In step S1, the ink-jet head 6 is moved to align a predetermined nozzle (first nozzle) of the ink-jet head 6 with the electrode 9. As described above, when ink is discharged from a predetermined nozzle of the head 6 and the detection of the ink discharge can be confirmed on the basis of the signal 99, the completion of positioning may be determined. When aligning is completed in this manner, the flow advances to step S2 to output “1” as an image signal to the first nozzle of the ink-jet head 6, e.g., the nozzle located at an end of the head. In step S3, the heater of the nozzle is energized to perform ink discharging operation. In step S4, it is checked whether an output signal from the voltage detector 13 has become equal to or higher than the predetermined voltage Vth and the signal 99 has gone to high level within a predetermined period of time. If a high-level signal 99 is detected, the flow advances to step S5 to determine that the nozzle is a normal nozzle and information indicating “normal” is stored in the RAM area of the memory 901 in correspondence with the number of the nozzle. If it is determined in step S4 that the signal 99 based on the output signal from the voltage detector 13 has not gone to high level within the predetermined period of time, the flow advances to step S6 to determine that the nozzle is a non-discharge nozzle and store information indicating “ink non-discharge (abnormal)” in the RAM area of the memory 901 in correspondence with the number of the nozzle.

After the processing in step S5 or S6 is executed in this manner, the flow advances to step S7 to check whether ink discharge/non-discharge checks on all the nozzles of the ink-jet head 6 are complete. If NO in step S7, the flow advances to step S8 to select the next nozzle of the ink-jet head 6. In step S9, the convey unit 21 is driven to position the electrode 9 to the next electrode position. The flow then advances to step S3 to drive the selected nozzle to perform ink discharging operation. In this case, if the width of the electrode 9 is larger than that of one nozzle, one electrode 9 may be used to detect ink droplets from a plurality of nozzles. In this case, therefore, alignment of the electrode 9 conveyed by the convey unit 21 and the nozzle is executed every time ink discharge from a plurality of nozzles is detected.

When ink discharge/non-discharge from all the nozzles of the ink-jet head 6 is detected in the same manner as described above, this processing is terminated.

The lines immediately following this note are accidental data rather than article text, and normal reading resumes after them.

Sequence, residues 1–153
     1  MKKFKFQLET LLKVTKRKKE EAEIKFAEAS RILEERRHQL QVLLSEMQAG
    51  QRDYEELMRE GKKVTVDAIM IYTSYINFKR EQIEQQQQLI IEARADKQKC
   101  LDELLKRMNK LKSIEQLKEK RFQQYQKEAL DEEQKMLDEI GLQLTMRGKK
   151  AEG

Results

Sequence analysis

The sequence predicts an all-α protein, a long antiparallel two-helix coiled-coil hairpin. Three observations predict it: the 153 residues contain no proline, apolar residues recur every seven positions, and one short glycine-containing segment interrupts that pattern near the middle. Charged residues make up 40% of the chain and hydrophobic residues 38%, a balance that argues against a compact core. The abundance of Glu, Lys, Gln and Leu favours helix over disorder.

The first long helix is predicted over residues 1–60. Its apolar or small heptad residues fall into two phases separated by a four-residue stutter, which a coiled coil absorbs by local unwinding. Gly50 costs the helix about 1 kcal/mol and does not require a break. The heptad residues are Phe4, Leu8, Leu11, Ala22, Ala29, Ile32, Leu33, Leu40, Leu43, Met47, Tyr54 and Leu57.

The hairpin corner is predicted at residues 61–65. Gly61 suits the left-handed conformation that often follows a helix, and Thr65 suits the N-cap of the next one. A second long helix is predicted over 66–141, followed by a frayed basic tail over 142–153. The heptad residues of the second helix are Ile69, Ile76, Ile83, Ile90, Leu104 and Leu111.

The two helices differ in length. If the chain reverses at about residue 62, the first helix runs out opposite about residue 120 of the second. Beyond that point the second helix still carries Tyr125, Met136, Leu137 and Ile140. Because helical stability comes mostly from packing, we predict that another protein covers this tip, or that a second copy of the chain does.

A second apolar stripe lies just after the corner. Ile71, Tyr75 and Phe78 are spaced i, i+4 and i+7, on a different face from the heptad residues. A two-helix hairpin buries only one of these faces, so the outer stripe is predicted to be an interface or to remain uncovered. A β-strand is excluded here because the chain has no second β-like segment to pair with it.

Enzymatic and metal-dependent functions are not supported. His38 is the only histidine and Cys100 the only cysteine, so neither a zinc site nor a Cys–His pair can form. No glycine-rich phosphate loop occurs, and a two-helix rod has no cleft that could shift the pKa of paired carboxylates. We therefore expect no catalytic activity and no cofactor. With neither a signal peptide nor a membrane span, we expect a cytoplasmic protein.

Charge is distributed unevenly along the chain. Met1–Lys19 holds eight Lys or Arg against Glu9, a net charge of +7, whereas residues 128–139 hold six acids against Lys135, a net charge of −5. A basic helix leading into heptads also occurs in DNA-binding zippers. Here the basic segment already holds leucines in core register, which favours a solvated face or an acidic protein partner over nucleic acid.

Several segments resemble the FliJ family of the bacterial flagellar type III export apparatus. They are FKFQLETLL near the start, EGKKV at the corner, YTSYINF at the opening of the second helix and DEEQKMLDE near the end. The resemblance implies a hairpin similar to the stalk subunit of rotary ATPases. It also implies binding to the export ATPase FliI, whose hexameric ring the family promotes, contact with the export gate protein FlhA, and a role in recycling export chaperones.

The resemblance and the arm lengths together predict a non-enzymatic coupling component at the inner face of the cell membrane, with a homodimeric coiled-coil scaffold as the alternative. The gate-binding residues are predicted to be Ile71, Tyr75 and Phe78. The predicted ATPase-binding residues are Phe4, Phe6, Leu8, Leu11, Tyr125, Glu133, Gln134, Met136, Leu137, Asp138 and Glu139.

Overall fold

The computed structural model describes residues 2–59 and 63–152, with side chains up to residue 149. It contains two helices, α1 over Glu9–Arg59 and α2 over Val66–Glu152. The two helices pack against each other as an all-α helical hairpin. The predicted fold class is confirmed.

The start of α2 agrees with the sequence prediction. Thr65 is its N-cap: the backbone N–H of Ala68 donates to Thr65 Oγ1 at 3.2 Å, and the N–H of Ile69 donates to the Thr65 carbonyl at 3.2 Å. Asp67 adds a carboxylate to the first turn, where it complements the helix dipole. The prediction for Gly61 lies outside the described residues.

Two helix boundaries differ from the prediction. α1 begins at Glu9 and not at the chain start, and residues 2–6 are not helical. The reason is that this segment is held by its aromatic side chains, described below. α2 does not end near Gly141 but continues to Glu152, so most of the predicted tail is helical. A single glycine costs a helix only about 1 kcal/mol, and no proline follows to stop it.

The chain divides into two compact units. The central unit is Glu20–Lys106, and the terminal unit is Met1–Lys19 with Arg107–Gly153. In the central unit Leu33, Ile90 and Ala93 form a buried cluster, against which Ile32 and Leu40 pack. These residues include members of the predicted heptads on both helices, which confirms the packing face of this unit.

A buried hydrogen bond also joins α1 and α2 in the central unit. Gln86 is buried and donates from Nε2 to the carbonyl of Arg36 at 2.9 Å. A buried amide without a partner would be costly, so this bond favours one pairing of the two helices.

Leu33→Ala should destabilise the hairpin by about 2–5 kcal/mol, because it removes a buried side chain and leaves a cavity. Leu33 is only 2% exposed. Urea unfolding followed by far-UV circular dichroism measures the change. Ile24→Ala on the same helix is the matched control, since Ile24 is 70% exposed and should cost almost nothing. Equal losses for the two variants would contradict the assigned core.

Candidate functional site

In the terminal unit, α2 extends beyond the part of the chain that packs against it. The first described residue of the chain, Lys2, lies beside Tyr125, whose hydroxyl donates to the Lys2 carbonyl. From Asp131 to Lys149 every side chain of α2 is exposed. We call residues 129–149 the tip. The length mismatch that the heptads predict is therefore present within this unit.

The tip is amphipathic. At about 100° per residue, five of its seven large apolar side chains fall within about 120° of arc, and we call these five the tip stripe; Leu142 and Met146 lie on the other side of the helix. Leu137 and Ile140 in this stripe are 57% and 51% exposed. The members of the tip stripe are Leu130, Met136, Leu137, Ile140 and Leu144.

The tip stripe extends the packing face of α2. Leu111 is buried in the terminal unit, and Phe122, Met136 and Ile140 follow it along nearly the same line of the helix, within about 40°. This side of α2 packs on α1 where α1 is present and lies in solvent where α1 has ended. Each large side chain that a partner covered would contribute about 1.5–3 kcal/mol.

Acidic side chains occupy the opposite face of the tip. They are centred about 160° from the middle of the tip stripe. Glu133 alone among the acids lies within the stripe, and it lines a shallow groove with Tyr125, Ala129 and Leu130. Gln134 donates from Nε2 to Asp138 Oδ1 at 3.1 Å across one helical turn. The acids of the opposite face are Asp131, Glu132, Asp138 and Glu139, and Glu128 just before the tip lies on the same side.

FIG. 11 is a flow chart for explaining a method of detecting discharge/non-discharge of ink (liquid) in the liquid discharge detection apparatus or ink-jet printer apparatus using the electrode 900 shown in FIGS. 6A and 6B according to another embodiment. Assume that the electrode 900 of the electrode unit 14 has a width W almost equal to the width of the nozzle array of the ink-jet head 6, as shown in FIGS. 6A and 6B.

In step S11, the ink-jet head 6 is moved to align the ink-jet head 6 with the electrode 900. As described above, when ink is discharged from a predetermined nozzle of the head 6 and the detection of the ink discharge by the electrode 900 can be confirmed on the basis of the signal 99, the completion of positioning may be determined. When the alignment of the ink-jet head 6 with the electrode 900 is completed in this manner, the flow advances to step S12 to output “1” as an image signal to the first nozzle of the ink-jet head 6, e.g., the nozzle located at an end of the head. In step S13, the heater of the nozzle is energized to perform ink discharging operation. In step S14, it is checked whether an output signal from the voltage detector 13 has become equal to or higher than the predetermined voltage Vth and the signal 99 has gone to high level within a predetermined period of time. If a high-level signal 99 is detected, the flow advances to step S15 to determine that the nozzle is a normal nozzle and information indicating “normal” is stored in the RAM area of the memory 901 in correspondence with the number of the nozzle. If it is determined in step 514 that the signal 99 based on the output signal from the voltage detector 13 has not gone to high level within the predetermined period of time, the flow advances to step S16 to determine that the nozzle is a non-discharge nozzle and store information indicating “ink non-discharge (abnormal)” in the RAM area of the memory 901 in correspondence with the number of the nozzle. After the processing in step S15 or S16 is executed in this manner, the flow advances to step S17 to check whether ink discharge/non-discharge checks on all the nozzles of the ink-jet head 6 are complete. If NO in step S17, the flow advances to step S18 to select the next nozzle of the ink-jet head 6. The flow then advances to step S13 to drive the selected nozzle to perform ink discharging operation. When ink discharge/non-discharge from all the nozzles of the ink-jet head 6 is detected in the same manner as described above, this processing is terminated.

Note that if this ink-jet printer is desired for, for example, color printing, and has a plurality of ink-jet heads corresponding to a plurality of colors, ink discharge/non-discharge from all the nozzles of all the ink-jet heads can be detected by executing similar processing for the respective heads for the respective colors.